Armen Alaverdyan does not exclude that the idea of ​​the project was to start a good process, but emphasizes that every detail should be paid attention to.

Helsinki Committee of Armenia President Avetik Ishkhanyan, who was also unaware of the project, expressed doubts about the project: the goals are good, the depth is doubtful:

“This is quite worrying; Wouldn’t the city become a beautiful golden cage for vulnerable children? It is troubling; if the project is implemented, it will become a touring center to show how people in Armenia are treated by vulnerable groups.

The whole world is turning to inclusion of socially disadvantaged groups, in particular children, so that they do not feel alone, and we are actually collecting and isolating them. This project means isolation in good conditions,” Avetik Ishkhanyan told Forrights.

Gevorg Manukyan, assistant to Ararat Governor Garik Sargsyan, found it difficult to make any official comment on the program. He noted that it is still in the process of development, so many things are still in “probably” phase. Forrights tried to make it clear whether the City of Children will be for 600 needy and disabled people or for other people. Manukyan referred to the question from another point of view:

 “The city will be open, there will be no gates or walls, people will be free to enter the city, there will always be activities. But I can’t say who can stay permanently,” said the governor’s assistant.

It took us several hours to get any position from the Armenian Caritas NGO, author of The City of Children project. They first mentioned that no one was authorized to talk about the program, but then, somehow, we got the director’s phone number, but his phone was off. Eventually our calls were answered by Anahit Gevorgyan, the project manager.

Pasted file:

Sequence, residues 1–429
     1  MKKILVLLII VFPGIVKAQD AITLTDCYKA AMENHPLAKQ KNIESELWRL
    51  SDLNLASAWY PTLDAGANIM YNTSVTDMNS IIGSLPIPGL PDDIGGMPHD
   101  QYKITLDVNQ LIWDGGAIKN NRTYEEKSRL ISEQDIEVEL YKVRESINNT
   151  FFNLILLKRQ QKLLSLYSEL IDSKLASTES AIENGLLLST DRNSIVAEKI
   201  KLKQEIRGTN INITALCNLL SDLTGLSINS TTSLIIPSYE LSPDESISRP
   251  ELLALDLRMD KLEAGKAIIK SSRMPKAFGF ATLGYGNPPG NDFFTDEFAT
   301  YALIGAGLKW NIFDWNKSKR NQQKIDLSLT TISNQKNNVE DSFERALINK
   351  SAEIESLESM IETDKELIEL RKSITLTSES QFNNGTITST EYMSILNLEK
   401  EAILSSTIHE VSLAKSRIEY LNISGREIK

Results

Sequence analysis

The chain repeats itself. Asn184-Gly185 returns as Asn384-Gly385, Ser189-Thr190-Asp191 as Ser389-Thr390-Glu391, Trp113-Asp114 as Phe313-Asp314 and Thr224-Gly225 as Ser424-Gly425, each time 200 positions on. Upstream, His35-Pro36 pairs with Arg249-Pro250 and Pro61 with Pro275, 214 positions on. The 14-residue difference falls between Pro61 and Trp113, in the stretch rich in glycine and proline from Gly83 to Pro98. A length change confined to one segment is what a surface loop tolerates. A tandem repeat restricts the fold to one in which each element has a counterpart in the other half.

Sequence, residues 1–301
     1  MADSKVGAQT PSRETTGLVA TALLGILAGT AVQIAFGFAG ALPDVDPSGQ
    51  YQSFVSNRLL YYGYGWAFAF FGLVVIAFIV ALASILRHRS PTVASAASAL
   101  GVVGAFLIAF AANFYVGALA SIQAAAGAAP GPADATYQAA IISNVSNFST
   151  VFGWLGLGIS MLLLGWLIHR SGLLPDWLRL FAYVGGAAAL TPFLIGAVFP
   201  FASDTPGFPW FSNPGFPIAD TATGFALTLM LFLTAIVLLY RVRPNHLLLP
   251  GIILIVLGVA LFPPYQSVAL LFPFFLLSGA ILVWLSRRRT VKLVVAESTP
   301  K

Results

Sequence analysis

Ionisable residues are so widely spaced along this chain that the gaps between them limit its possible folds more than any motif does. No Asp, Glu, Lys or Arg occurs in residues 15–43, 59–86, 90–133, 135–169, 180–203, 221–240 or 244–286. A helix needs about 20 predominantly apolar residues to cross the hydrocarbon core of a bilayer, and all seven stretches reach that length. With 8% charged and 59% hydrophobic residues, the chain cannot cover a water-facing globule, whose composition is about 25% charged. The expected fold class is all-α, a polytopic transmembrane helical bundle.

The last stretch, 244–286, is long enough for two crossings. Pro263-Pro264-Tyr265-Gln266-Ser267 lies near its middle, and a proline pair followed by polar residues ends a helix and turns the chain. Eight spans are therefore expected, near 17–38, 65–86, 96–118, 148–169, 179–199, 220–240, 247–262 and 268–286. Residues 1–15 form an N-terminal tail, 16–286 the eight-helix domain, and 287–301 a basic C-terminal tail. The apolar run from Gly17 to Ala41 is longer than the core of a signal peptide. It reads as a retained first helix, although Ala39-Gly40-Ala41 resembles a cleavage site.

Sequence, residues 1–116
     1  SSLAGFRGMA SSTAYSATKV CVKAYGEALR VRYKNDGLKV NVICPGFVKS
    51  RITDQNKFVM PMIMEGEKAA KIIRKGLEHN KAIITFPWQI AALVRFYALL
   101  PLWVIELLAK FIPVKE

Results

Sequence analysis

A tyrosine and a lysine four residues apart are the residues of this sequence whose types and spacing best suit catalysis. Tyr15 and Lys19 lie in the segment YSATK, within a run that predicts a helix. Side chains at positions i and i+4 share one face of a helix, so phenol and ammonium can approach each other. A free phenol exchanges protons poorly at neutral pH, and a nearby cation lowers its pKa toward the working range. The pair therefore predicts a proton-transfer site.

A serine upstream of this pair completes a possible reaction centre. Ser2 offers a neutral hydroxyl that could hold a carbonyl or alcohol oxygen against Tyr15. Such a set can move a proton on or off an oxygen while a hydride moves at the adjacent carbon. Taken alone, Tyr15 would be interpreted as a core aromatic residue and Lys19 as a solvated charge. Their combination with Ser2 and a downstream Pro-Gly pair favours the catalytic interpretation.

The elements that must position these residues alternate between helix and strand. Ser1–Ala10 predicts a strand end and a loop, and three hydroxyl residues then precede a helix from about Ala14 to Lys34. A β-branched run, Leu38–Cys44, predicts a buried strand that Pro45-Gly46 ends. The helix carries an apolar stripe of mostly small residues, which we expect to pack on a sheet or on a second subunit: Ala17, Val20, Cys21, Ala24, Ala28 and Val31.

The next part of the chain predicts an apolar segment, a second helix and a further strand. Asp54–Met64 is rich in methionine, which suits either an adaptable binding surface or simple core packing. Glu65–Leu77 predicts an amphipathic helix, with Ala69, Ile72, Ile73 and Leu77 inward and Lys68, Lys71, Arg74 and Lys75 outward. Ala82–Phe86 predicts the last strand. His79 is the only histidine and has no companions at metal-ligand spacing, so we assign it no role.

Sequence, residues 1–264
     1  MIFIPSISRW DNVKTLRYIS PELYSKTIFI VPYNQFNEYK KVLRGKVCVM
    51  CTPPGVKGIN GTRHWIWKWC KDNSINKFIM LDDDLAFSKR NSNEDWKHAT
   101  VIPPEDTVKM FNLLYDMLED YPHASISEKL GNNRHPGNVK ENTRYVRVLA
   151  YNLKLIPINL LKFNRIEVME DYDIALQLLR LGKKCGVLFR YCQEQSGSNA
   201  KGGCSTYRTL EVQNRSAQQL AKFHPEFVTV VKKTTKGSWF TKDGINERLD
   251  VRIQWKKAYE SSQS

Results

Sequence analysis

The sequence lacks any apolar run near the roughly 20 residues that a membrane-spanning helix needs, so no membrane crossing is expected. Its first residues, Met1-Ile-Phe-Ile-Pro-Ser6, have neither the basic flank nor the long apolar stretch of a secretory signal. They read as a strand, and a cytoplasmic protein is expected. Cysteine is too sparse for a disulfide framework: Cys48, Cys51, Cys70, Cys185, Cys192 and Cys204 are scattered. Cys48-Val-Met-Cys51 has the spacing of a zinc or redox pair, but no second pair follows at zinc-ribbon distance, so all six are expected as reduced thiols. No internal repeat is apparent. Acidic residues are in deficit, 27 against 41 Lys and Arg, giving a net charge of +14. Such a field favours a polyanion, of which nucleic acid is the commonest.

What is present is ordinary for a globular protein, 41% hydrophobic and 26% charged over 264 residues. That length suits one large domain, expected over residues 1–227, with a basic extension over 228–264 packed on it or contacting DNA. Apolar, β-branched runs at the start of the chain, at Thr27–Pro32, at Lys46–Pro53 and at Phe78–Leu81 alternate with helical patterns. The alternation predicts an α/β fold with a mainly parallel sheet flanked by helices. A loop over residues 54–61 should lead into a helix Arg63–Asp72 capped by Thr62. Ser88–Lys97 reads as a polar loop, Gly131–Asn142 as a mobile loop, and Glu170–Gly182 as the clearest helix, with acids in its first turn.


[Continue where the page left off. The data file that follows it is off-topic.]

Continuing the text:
She noted that the program has no intend to isolate, but simply that they have been chosen as their primary target:

“Our goal is to create an environment where people in vulnerable groups come and receive education, have the opportunity to travel abroad and expand their surroundings,” Gevorgyan said.

She noted that other people can also use the services, but they would have to pay for them. The project manager was surprised to see that there were negative views on the project not only from the public but also from the ministry:

“The project is still under development. There may still be changes. We haven’t had any discussions yet, we haven’t mentioned any clear steps yet,” said Anahit Gevorgyan.

According to the official website of the Municipality of Yerevan, the area of ​​the “City of Children” will cover about 1 hectare, the cost of the project will reach $ 1 million, and a period of 3 years has been noted for implementation.

Despite the fact that the start of the city’s construction is due in the fall, Armenian Caritas reports that the project has no funding yet;

“It’s still an idea that doesn’t have funding, this is still the first step. The fundraising process will take place during this period,” says the project manager.

After all, is the project an idea or a program already in place? Armenian Caritas promised to respond to this question in mid-September, when Gagik Tarasyan, the organization’s director, will return from vacation and hold a press conference.

Roza Vardanyan